A public digital stewardship structure could theoretically assist in addressing that problem. A public digital stewardship structure could facilitate the sharing of data (see problems #1 and #2) but do so in a way that enhances competition rather than reinforces the dominance of incumbents. The public digital steward could, for example, provide preferential access to start-ups, researchers and public sector organizations if capturing the benefits of that data in these places was thought to be important for public policy reasons.
Making data partially open in this way can also preserve the economic benefits of the data for the owner or licensee of the digital infrastructure collecting the data. The entity contributing the does not have to worry that the entire economic benefit of the data will be entirely diluted by it being completely “open”. The entity contributing the data might be free to license the data for a fee (or the public digital steward permitted to do so in exchange for a royalty) when the data is being provided to for-profit entities but be required to provide the data freely to city agencies and researchers. Or, certain types of entities, such as start-ups, non-profits, and city agencies might get the data in advance of other entities. These are but two (and not necessarily the best two) options for curbing the problem of size-asymmetrical competition.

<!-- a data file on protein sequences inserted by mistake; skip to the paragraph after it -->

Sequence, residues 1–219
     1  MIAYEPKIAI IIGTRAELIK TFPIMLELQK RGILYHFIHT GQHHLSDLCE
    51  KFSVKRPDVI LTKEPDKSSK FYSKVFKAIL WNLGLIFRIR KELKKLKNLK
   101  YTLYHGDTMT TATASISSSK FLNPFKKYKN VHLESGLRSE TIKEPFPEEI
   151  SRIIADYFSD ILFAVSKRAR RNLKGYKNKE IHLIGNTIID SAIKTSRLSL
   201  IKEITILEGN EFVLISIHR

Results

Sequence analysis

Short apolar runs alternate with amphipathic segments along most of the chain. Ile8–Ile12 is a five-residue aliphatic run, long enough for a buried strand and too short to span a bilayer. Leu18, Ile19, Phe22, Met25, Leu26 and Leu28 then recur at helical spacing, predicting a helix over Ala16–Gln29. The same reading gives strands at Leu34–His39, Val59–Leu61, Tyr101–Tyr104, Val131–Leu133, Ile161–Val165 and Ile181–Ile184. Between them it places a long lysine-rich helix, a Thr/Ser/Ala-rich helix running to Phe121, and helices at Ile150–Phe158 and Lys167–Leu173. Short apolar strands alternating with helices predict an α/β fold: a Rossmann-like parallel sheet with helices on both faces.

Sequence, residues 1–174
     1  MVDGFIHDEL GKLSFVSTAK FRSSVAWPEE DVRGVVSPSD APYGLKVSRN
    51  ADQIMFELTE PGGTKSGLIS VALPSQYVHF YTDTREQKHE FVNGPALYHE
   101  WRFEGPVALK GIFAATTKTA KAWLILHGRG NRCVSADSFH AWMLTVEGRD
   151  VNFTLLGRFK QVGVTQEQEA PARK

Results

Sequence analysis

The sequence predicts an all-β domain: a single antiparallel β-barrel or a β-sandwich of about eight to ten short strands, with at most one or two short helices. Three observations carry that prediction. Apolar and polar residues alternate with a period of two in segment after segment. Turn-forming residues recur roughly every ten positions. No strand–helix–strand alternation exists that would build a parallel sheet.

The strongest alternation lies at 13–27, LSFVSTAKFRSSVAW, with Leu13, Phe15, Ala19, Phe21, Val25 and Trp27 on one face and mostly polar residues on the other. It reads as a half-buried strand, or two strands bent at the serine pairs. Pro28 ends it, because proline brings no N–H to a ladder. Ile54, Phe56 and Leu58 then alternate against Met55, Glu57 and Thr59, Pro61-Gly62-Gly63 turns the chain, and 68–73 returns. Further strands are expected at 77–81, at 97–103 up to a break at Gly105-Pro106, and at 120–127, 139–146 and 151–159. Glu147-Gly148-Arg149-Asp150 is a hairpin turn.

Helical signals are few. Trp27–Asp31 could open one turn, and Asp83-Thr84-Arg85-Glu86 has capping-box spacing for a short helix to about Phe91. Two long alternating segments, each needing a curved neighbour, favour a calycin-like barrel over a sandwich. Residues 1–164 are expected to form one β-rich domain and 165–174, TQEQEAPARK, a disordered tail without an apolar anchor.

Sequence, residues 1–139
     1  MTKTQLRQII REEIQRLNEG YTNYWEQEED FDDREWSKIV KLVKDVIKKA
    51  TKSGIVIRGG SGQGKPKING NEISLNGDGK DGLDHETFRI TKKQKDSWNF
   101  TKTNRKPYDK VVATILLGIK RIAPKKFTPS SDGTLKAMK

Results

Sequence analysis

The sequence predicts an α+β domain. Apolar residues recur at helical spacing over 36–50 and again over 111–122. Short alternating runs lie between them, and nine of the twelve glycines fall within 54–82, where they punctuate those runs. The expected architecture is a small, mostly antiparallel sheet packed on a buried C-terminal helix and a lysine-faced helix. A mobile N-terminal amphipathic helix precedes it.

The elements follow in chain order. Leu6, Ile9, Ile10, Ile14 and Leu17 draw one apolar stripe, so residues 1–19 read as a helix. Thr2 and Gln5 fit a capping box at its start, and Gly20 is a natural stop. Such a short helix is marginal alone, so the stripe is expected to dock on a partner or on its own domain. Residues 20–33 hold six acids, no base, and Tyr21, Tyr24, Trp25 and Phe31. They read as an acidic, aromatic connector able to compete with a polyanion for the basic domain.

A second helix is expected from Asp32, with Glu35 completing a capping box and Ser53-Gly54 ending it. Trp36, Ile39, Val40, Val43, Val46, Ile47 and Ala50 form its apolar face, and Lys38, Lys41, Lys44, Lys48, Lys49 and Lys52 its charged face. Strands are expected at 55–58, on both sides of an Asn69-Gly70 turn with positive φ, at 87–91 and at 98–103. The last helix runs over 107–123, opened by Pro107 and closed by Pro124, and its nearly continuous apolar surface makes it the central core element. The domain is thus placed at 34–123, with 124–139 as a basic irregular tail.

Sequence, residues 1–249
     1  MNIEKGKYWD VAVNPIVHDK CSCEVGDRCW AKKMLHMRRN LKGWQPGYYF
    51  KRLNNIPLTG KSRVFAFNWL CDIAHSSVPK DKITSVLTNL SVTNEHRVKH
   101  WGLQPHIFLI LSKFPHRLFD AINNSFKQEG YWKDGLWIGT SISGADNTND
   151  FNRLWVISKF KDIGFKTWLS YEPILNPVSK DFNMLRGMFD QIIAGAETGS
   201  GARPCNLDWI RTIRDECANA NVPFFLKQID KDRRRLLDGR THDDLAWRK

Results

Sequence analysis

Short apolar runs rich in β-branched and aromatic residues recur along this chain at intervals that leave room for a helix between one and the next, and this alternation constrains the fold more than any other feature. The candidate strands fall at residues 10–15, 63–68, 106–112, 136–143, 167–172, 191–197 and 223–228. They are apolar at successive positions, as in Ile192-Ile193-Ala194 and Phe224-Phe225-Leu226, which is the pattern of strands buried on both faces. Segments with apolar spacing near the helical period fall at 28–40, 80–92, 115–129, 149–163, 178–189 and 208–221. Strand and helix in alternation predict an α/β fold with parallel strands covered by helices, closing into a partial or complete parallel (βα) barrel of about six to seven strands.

These options also have the additional benefit of incentivizing the collection of the data because the raw data will still have some value to the collector through the ability to licence its use for a fee. They also have the additional benefit of incentivizing the collection of the data and participation in the sharing of the data because the raw data will still have some value to the collector through the ability to licence its use for a fee or to have some short-term preferential access to it along with a limited set of other users.
4. Digital layer and data sovereignty and local economic benefit